To finish this little series, I wanted to describe the little setup I built and how it was done. Nothing spectacular, more an example of how you can create a software cocktail / mashup to get a one-off short-lived project like this going fast.
First the basic task at hand: allow kids to register their FanBot and print out a “passport” with a picture of their creation and some information about when and how to get their FanBot back after the RoboCup 2013 event. At the same time, it would be nice to have a monitor display the current count and show images of the last few FanBot pictures taken.
I decided to use 3 Raspberry Pi’s as “slave”, each with a webcam, an LCD screen (thanks David, for the laser-cut frame!), and Ethernet + power. The code running on them is on github. It would be nice if each slave could continue to accept registrations even with the network connection temporarily down, so I went for the following approach:
- collect registrations locally, using
rsyncto push new ones to the master
- everything is based on a few simple shell scripts for quick adjustment
- two C/C++ programs were needed: to read the FanBot data and to drive the LCD
- do a
git pullon power-up and re-compile as needed before starting operation
- periodic webcam readout and periodic rsync, using loops and
For the master, I thought about using the Odroid/U2, but decided against it as there would be too much setup involved in the last minute. Next idea was to use an Acer Inspire One Linux netbook, but it turned out to be way too slow. For some reason, Node.js was consuming 100% CPU (I suspect a bad
nodemon disk change polling error on the slow SSD). No time to figure that out, so I ended up using my second Mac laptop instead.
The master logic started out as follows:
- an rsync server was set up to collect files from all the slaves in one spot
- the display is presented via a browser in full-screen mode and Node.js
- the original plan was to also allow outside access, but we never got to that
- for live updating, I decided to use SocketStream (same as in HouseMon)
- a PDF was generated for each image by
convert, which is part of ImageMagick
- an AppleScript then prints each PDF to the USB-attached laser-printer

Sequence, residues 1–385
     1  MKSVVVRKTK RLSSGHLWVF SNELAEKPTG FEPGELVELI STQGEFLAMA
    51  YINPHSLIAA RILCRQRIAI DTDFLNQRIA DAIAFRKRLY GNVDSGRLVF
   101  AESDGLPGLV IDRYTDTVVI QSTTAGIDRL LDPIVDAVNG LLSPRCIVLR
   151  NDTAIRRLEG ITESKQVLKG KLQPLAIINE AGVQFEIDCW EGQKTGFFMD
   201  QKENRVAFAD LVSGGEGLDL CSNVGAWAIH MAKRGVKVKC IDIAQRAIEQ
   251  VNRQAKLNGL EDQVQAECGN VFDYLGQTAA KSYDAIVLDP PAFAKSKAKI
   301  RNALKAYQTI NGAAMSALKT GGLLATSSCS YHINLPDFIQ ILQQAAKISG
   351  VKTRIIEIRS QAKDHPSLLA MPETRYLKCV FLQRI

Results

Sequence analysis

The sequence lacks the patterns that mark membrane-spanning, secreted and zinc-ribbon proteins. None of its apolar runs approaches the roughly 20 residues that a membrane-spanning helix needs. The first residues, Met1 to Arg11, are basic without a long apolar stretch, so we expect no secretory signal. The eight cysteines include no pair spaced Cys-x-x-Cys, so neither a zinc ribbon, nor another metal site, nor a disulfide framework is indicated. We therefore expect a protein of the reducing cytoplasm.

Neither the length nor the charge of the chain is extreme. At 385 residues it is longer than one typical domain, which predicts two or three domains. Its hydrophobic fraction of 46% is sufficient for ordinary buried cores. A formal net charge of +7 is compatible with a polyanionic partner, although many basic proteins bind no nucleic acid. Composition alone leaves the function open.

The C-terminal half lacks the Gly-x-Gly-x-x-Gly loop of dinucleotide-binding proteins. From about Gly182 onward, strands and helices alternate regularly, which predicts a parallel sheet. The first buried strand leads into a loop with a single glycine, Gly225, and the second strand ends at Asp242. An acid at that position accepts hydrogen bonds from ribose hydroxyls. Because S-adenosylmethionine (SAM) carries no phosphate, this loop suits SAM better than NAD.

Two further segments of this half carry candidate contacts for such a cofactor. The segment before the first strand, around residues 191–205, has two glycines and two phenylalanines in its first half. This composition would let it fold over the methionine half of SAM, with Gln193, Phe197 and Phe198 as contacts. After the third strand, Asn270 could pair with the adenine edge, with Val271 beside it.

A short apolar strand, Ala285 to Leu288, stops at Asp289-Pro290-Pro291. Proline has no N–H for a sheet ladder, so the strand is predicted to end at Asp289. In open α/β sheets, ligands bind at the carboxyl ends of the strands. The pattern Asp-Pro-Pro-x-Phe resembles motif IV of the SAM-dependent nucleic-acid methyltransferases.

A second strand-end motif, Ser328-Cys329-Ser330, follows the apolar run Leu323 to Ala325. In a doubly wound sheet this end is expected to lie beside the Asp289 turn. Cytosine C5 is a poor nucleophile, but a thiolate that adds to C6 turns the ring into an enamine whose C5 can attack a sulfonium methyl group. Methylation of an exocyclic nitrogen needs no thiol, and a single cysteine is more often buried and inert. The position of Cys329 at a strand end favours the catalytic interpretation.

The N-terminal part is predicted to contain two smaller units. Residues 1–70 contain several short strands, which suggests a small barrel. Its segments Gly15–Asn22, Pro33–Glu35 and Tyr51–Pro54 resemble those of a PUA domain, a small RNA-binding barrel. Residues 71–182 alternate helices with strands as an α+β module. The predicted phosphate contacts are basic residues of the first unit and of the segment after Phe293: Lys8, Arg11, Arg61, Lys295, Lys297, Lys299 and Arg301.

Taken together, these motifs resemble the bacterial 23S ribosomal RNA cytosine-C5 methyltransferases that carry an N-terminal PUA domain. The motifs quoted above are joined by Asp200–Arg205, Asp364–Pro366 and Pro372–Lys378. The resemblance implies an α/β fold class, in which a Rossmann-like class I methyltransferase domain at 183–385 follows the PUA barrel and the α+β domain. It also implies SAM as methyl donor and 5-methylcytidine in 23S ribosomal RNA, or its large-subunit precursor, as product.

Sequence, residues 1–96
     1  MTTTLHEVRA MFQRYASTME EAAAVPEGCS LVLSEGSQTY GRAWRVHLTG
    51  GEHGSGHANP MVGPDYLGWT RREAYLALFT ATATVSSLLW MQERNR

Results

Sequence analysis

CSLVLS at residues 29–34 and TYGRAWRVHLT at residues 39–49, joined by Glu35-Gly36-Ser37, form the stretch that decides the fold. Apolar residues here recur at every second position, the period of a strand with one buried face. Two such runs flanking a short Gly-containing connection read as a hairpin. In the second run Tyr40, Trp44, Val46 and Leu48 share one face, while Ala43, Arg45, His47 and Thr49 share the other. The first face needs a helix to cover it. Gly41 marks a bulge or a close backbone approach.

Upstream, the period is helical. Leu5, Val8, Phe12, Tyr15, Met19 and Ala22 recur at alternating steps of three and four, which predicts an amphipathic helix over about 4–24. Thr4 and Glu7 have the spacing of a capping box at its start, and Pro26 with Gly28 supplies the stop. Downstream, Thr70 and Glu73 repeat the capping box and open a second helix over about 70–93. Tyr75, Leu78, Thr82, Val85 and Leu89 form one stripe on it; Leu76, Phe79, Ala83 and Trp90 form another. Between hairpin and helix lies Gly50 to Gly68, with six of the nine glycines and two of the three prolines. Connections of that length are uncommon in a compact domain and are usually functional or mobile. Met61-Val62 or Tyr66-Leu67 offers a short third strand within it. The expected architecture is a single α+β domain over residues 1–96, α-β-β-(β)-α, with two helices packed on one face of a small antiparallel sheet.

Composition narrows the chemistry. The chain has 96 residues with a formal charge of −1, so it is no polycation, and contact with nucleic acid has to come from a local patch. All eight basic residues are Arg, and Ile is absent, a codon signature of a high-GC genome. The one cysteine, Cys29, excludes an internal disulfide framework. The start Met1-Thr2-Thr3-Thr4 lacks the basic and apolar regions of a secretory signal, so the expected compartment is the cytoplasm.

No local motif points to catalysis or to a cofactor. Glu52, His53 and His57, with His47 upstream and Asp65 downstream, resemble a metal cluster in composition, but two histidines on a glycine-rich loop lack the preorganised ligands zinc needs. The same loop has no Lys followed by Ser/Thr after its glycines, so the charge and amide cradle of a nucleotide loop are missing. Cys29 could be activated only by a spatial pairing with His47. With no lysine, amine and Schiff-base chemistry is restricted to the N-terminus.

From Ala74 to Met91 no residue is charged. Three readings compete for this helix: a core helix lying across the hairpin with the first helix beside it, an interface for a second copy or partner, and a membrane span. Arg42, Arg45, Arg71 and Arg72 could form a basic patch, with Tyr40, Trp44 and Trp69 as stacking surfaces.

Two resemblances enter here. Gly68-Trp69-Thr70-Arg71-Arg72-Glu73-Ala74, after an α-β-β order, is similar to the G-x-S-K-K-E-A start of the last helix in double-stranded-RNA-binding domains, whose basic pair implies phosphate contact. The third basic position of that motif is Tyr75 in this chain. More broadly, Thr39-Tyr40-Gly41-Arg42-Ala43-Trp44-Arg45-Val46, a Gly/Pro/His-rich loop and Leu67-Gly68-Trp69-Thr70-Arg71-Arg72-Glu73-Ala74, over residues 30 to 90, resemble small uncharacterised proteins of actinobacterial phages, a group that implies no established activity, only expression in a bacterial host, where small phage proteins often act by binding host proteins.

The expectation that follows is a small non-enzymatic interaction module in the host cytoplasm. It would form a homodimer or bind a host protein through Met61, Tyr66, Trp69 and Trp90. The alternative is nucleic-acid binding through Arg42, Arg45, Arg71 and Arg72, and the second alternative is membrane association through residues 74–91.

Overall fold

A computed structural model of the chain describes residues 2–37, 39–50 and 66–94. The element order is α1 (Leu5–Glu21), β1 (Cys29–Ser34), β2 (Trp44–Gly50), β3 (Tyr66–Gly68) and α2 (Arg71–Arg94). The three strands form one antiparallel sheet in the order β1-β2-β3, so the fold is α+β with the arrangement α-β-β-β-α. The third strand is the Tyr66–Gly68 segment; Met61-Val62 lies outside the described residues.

These choices turned out to be very convenient: by having the rsync folder inside the Node.js application area, and using nodemon, refresh became automatic (nodemon + socketstream will force a refresh on each client whenever a file system change is detected). So all I had to do was write a static Node.js app to display the count and the latest images.
So far so good. A couple of glitches, such as an erratic printer (new firmware fixed it), an overheating RPi (fixed by clocking at 700 MHz again), and all the slave rsyncs fighting when the same registration was present on more than one (fixed by adding the “-u” flag).
During installation, we found out that there was no wired ethernet w/ DHCP, as I had assumed. Oops. So the Mac laptop was turned into a WiFi -> wired bridge, since WiFi was available most of the time. Whoops: “most” is not good enough, the RPi’s have no clock, they really need an NTP server – especially since the whole system was based on rsync and file modification times! We hacked a fixed DNS – but internet still has to be there.
And then the fun started – various little wishes came up after the fact:
- can we get images + passports off-site during the event? sure: rsync them to Dropbox
- could we have a page with all images? sure: on my server at JeeLabs, I made an rsync loop from one Dropbox area to another, and made a little photo-album using Dropbox
- could we show a live count, even though the monitor website was not accessible? sure: I simply added another shell loop on my server again, to generate an image with the count in it, and made it show up as first one in the photo album.
Here is the shell script for that last feature:
cd ~/Dropbox/FanBots while : do N=$(echo `ls *.jpg | wc -l`) if [ "$N" != "$P" ] then echo $N - `date` convert -background black -fill red -size 480x640 \ -gravity center "label:$N\n\nFanBots" 0-teller.png P=$N fi sleep 10 done
This can run anywhere, since Dropbox is taking care of all updates in both directions!
The point of all this is not which languages I used (your choice will definitely be superior), nor what hardware was selected for this (it changed several times). The point is that:
- it all got done in a very limited amount of time
- the basic rsync approach made things resilient and self-recovering
- github pulls made it possible to apply last-minute tweaks
- some nice changes were possible very late in the game
- dropbox integration made it possible to add features remotely
Happy ending: all the kids are having a good time … including me :)
PS. Tomorrow (Sunday) is the RoboCup 2013 finals. See you there?